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Adult Awareness of Tobacco Advertising, Promotion, and Sponsorship — 14 Countries

May 28, 2012 Comments off

Adult Awareness of Tobacco Advertising, Promotion, and Sponsorship — 14 Countries
Source: Morbidity and Mortality Weekly Report (CDC)

According to the 2012 Report of the U.S. Surgeon General, exposure to tobacco advertising, promotion, and sponsorship (TAPS) is associated with the initiation and continuation of smoking among young persons. The World Health Organization (WHO) Framework Convention on Tobacco Control (FCTC) requires countries to prohibit all forms of TAPS (2); the United States signed the agreement in 2004, but the action has not yet been ratified. Many countries have adopted partial bans covering direct advertising in traditional media channels; however, few countries have adopted comprehensive bans on all types of direct and indirect marketing. To assess progress toward elimination of TAPS and the level of awareness of TAPS among persons aged ≥15 years, CDC used data from the Global Adult Tobacco Survey (GATS) collected in 14 countries during 2008–2010. Awareness of any TAPS ranged from 12.4% in Turkey to 70.4% in the Philippines. In the four countries where awareness of TAPs was ≤15%, three of the countries had comprehensive bans covering all nine channels assessed by GATS, and the fourth country banned seven of the nine channels. In 12 countries, more persons were aware of advertising in stores than advertising via any other channel. Reducing exposure to TAPS is important to prevent initiation of tobacco use by youths and young adults and to help smokers quit.

Uruguay: Selected Issues Paper

March 4, 2011 Comments off

Uruguay: Selected Issues Paper (PDF)
Source: International Monetary Fund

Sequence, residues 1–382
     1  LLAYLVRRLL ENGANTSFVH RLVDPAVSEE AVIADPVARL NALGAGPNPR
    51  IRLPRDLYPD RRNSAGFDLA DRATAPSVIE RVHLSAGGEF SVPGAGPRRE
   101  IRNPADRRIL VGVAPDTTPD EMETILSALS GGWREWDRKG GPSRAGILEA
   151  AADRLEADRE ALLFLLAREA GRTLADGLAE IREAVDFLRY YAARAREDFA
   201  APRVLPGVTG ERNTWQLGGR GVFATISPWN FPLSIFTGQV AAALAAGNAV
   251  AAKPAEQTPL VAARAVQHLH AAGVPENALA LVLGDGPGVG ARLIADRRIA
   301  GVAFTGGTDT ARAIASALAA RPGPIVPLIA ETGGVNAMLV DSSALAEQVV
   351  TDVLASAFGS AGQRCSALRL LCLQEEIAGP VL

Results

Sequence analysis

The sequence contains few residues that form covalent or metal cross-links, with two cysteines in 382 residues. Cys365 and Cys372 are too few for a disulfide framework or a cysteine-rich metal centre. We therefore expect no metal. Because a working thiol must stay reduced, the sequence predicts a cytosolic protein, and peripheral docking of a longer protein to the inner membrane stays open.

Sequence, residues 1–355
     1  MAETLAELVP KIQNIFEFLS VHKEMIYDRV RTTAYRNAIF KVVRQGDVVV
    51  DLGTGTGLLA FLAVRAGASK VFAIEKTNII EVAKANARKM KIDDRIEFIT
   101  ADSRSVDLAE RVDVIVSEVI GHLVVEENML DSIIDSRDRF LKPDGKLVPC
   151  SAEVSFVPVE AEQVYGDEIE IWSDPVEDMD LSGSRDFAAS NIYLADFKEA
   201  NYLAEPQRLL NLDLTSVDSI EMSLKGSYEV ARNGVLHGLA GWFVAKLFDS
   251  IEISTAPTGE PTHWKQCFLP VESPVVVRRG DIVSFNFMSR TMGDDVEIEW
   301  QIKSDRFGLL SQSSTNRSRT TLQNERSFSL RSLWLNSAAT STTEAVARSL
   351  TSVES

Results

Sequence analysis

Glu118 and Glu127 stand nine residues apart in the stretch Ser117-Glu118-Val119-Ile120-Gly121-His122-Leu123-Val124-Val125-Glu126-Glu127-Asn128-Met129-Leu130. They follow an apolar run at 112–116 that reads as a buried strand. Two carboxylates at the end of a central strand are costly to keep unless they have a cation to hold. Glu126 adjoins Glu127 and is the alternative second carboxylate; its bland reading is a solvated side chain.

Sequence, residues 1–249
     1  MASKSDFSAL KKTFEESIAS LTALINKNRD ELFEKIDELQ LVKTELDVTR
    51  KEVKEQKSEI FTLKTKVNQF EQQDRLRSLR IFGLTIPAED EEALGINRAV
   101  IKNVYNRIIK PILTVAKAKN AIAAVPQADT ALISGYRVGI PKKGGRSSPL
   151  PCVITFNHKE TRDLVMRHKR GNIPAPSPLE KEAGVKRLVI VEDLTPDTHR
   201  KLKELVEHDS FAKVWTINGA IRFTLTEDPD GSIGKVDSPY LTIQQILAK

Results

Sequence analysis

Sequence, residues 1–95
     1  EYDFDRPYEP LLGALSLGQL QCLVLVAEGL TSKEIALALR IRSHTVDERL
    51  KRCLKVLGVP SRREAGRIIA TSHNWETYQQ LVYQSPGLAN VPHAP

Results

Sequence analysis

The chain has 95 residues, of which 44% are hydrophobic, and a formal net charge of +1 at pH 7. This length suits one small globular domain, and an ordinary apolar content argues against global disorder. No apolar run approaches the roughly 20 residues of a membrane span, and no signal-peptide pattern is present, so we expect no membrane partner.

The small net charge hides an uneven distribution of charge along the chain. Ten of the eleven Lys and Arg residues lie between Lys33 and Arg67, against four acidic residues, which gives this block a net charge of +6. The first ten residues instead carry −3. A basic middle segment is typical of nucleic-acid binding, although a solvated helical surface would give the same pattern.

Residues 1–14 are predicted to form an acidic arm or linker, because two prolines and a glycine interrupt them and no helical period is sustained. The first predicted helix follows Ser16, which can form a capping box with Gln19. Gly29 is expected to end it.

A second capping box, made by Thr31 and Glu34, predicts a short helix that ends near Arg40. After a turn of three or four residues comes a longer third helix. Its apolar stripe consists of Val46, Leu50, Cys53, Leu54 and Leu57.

There are at least three important caveats about the precision of cyclically adjusted balance estimates for Uruguay. First, the work on CABs in Uruguay is still at an early stage. Even countries with extensive experience of using CABs revise the estimates as both input data and the framework are improved. For instance, in Chile, the government recently created a high-level commission to recommend reforms that could enhance its decade-old fiscal rule to make it more effective (Box 1).4 Second, Uruguay’s economy has undergone a substantial transformation since the financial crisis in 2002. And there have been important reforms to the fiscal framework, including a tax reform in 2007. These changes make it more challenging to derive precise estimates of the cyclical revenue components. Third, there are several Uruguay specific items that need to be taken into account to get an accurate estimate of both structural revenues and expenditures; this paper discusses some of them, but further work is required. These caveats suggest caution in interpreting the results and that a broad set of indicators should be used.

See also: Uruguay: 2010 Article IV Consultation-Staff Report; Public Information Notice; and Statement by the Executive Director for Uruguay (PDF)

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